Buy-to-let sector reacts quickly to prices and mortgage market conditions

More borrowers to look outside the mainstream in 2023, while landlords face changing dynamics

Buy-to-let sector reacts quickly to prices and mortgage market conditions

Let’s face it, there will be some hard yards to cover in 2023, with the cost-of-living challenges and higher interest rates meaning a contraction in the total size of the mortgage market is probable. 

Adrian Moloney (pictured), group intermediary director at OSB Group, Precise Mortgages, Kent Reliance for Intermediaries and InterBay, believes there will be an increasing number of borrowers looking toward specialist solutions during the coming year.  

And while the overall market may shrink, he added there will definitely be growth areas, and borrowers who need more, or different, support.  

“We are likely to see fewer vanilla first-time buyers and a reduction in residential purchases, but a rise in demand for both adverse and complex specialist mortgages, as well as a changing buy-to-let landscape,” he added. 

Buy-to-let in 2023 

Moloney said that there are certainly new dynamics at play in the buy-to-let sector. While he believes steeper borrowing costs may well force some landlords to quit the market, softer purchase prices are encouraging others to expand their portfolios. 

In November, 37% of offers were from landlords on properties with no competing offers, up from 11% in January 2022 according to figures from Hamptons.  

“This chimes with our own Landlord Leaders research of H2 2022, which revealed that 68% of all landlords recently had or were planning to buy more property, breaking down into 40% of part-time landlords but 80% of professional landlords, defined as those with four or more properties who generate their main income from their buy-to-let business,” he said.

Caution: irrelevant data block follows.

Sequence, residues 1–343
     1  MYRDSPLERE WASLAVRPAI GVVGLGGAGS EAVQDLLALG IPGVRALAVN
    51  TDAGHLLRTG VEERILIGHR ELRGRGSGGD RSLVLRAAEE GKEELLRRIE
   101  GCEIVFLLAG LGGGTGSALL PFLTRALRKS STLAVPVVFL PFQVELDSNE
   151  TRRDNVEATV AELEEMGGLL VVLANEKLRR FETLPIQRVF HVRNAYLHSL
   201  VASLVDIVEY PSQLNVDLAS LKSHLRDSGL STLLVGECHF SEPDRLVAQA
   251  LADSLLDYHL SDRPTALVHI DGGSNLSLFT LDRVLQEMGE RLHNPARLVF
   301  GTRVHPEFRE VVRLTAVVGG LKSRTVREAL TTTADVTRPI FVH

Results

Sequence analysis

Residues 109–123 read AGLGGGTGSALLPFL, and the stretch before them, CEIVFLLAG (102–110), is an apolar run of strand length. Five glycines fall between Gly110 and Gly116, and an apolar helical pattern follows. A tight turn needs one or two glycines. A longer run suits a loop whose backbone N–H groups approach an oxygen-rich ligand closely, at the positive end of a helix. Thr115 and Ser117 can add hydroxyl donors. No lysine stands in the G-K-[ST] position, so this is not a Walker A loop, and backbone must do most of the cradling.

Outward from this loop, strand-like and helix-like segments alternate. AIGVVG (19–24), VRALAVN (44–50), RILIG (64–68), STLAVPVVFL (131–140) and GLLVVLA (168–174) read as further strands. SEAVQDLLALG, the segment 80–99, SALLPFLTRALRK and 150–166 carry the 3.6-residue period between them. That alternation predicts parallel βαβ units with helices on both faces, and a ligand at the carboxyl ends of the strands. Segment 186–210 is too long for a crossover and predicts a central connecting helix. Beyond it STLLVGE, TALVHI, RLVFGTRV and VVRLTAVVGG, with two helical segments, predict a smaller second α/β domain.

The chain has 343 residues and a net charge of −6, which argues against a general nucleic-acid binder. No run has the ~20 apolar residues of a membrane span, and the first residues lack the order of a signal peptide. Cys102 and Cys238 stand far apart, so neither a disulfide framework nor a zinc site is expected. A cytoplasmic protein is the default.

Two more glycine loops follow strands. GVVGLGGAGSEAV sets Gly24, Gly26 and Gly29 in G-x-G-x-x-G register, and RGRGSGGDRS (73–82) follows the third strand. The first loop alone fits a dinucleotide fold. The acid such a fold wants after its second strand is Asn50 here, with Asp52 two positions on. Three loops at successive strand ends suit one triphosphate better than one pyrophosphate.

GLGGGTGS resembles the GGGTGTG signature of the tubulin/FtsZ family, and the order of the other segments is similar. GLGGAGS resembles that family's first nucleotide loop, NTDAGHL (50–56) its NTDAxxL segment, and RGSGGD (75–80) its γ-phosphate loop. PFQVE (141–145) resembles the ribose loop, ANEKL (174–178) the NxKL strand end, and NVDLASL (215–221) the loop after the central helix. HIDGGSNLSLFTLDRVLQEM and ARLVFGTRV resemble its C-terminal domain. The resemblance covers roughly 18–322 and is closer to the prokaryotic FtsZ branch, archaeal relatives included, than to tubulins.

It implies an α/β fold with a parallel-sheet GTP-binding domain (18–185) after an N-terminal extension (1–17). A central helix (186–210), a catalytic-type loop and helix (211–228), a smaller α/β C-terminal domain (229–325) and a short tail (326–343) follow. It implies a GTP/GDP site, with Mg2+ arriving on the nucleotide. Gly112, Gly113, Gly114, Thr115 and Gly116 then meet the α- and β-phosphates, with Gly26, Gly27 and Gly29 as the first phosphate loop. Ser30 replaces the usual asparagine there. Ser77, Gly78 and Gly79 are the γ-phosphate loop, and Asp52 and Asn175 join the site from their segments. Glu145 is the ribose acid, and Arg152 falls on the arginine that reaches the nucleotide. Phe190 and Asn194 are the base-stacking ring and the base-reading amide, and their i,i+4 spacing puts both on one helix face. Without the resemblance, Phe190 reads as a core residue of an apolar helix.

Moloney added that 80% of professional landlords told OSB Group that they have already invested, or plan to invest, in energy efficiency improvements.  

From 2025, any newly rented properties will require an Energy Performance Certificate rating of at least C, and properties with existing tenancies will have until 2028 to achieve the same minimum level. 

“This significant thematic shift is shaping our buy-to-let strategy,” said Moloney. “The £50m Landlord Leaders fund we announced in November to support these landlords is just the first of a raft of measures OSB Group will be introducing this year to cater for this active group of buy-to-let borrowers, and progress on the road to decarbonisation,” Moloney said.  

Expect more borrowers with less-than-perfect credit records

On the residential side, given the huge leap in living costs, Moloney said lenders need to be ready for a surge in the number of borrowers with less-than-perfect credit records, who find themselves in the ‘adverse’ category, often due to circumstances beyond their control.  

“Whether they have recent County Court Judgements, defaults, arrears or Debt Management Plans, we need to provide suitable mortgages via reliable systems not requiring multiple applications which could further compromise credit records,” he added. 

After the economic rollercoaster of the last three years, Moloney also anticipates yet more first-time buyers and other borrowers presenting with complex incomes. 

He added that these will not be restricted to adverse cases, but a broader range of borrowers falling outside the narrower confines of the mainstream, and in need of specialist attention.  

“As a result, brokers will play an essential role in the year ahead for yet more borrowers, who will need their expertise and advice to find the best solutions,” Moloney said. 

Moloney pointed out that these are just some of the expected trends for 2023, adding: “A year is a long time in any market, and rapid, seismic change is not uncommon, as we have regularly been reminded in the last few years.”

Are you expecting to see buy-to-let and residential borrowers shifting away from the confines of mainstream borrowing in 2023? Let us know in the comments below.